Dotsero man pleads guilty to attempted murder
EAGLE – Jesus Miranda admitted he tried to rob two local check cashing businesses at gunpoint within a half hour of each other and shot a man who tried to stop him three times.
Miranda pleaded guilty to six felonies for a crime spree last Labor Day weekend. He remains in the Eagle County jail on $1 million bond and is scheduled to be sentenced Sept. 23.
His crime spree could land him in jail for 50 years.
Miranda already had an open assault case at the time of the alleged robbery attempts. Court records show he also has at least nine criminal convictions, beginning in 2005 when he was convicted as a sex offender.
What they did
Jesus Manuel Miranda and a 17-year old female accomplice tried to rob two businesses within a half hour on Sept. 4, 2015 — Dinero Rapido in Eagle and Tienda Montes in Gypsum. They got away with no money from either.
During the second failed robbery attempt, at Tienda Montes in Gypsum, he held two women at gunpoint and ordered them to empty the safe.
The store’s owner told Miranda there wasn’t any money in the safe. That’s when Miranda hit her in the head with the butt of his pistol.
Alan Gonzalez was approaching Tienda Montes and saw Miranda and the teenager robbing the store. As Miranda and the girl fled the store, Miranda pointed a 9-millimeter handgun at Gonzalez’ head and told him “not to call the cops.”
As Miranda ran, Gonzalez chased him and grabbed Miranda, slamming him into a headlock.
As they wrestled, Miranda shot Gonzalez three times, including once in the chest. Gonzalez was hospitalized and has since recovered.
After shooting Gonzalez, Miranda dropped the Smith and Wesson 9-millimeter with the serial numbers filed off and fled.
The girl was arrested shortly after that second robbery attempt. She pleaded guilty and is serving a six-year sentence.
Getaway gone wrong
Garfield County resident Daniel Happle drove Miranda’s getaway car, but they didn’t get far.
Happle picked Miranda up from his hiding place, behind a dumpster at a Gypsum convenience store. From there, Happle rolled west at 50 mph along Interstate 70 through the 20 mph construction zone that was Glenwood Canyon at the time.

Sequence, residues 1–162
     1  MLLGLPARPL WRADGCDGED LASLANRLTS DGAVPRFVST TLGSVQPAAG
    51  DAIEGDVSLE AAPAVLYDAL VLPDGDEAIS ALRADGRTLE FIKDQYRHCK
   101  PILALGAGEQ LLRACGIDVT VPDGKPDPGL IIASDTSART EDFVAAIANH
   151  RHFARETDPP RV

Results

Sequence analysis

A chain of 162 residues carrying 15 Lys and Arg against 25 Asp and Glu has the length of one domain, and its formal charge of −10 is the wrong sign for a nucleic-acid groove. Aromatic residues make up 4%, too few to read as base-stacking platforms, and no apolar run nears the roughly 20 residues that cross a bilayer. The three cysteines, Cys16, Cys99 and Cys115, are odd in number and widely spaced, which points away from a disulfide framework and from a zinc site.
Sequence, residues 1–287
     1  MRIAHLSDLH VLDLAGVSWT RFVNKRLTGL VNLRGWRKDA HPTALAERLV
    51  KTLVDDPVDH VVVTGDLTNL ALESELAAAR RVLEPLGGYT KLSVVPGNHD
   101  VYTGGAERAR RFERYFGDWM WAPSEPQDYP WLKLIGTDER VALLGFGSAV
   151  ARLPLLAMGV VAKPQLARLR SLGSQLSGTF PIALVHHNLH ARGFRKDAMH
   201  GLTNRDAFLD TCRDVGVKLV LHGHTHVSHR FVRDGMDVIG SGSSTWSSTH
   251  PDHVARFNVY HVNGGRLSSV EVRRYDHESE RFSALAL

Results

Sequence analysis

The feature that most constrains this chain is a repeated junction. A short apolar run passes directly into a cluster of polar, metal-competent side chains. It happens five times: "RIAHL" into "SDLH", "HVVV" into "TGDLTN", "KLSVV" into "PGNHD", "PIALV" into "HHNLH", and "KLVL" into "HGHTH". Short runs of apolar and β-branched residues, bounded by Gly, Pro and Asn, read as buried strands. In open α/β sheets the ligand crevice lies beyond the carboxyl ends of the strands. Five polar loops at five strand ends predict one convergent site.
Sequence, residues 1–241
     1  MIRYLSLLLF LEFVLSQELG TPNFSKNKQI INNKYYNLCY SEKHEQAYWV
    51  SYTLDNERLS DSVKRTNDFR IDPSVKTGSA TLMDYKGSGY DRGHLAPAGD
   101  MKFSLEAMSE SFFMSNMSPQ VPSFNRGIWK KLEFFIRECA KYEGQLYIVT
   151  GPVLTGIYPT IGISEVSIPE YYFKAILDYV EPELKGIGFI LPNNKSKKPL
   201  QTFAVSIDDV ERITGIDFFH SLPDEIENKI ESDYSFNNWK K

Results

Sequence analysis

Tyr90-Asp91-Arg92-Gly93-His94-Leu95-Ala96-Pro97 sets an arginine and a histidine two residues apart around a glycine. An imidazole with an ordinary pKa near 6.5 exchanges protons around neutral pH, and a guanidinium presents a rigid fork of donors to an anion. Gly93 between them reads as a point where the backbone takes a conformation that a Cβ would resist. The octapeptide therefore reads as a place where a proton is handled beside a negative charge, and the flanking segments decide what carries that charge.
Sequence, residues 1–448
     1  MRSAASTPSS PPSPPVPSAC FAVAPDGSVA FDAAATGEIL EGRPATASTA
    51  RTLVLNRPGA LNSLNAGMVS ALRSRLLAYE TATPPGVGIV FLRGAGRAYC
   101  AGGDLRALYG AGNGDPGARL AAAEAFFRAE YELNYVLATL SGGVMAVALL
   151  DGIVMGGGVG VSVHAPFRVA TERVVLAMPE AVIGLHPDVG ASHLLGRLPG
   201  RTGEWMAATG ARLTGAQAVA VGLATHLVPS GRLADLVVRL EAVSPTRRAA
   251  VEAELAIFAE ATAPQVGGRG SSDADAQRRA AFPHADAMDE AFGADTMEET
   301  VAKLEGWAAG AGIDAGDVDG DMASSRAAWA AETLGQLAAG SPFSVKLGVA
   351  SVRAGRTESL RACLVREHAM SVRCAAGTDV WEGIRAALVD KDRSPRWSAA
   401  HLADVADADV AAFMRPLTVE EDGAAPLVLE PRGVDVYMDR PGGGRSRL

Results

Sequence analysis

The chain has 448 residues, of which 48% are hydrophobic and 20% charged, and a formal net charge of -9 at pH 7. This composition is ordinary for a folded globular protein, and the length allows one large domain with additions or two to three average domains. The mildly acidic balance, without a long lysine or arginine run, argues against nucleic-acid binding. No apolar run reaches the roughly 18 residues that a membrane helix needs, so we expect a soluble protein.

When Happle turned west on U.S. Highway 6, he topped 100 mph. A Garfield County deputy tried to pull him over for an expired plate near New Castle.
Near Coal Ridge High School, Happle slowed to around 10 mph and jumped out of the car to flee on foot, leaving Miranda in the passenger’s seat. Once a deputy managed to pull the car’s brake, Miranda identified himself as Roberto Neveraz, of whom there was no record, so police added criminal impersonal (a felony) to his long list of charges.
Meanwhile, Happle was found about a half hour later by the Glenwood Springs Police Department’s K9 unit, hiding in some bushes. Police told him to come out, and when he refused, police reportedly sent the dog in to fetch him, which it did.
Police said they smelled alcohol, and started questioning Happle, who told them he had eaten a bag of methamphetamine during the pursuit, according to his arrest affidavit.
Miranda’s trail of trouble
Miranda wasn’t out of the legal woods from his last bout with the law when he tried to rob the check cashing stores.
He has an open case in Eagle County, stemming from an incident for fighting. He turned himself in Aug. 18, 2015, and was in court six days later for a bond hearing.
In 2011, he pleaded guilty to failing to register as a sex offender, a Class 1 misdemeanor. In 2007, he did the same thing.
Two other co-defendants, Arnaldo Lucero-Almanza and Mateo Serna-Gutierrez, have been charged in connection with these robberies, and their cases are pending.
Staff Writer Randy Wyrick can be reached at 970-748-2935 and firstname.lastname@example.org.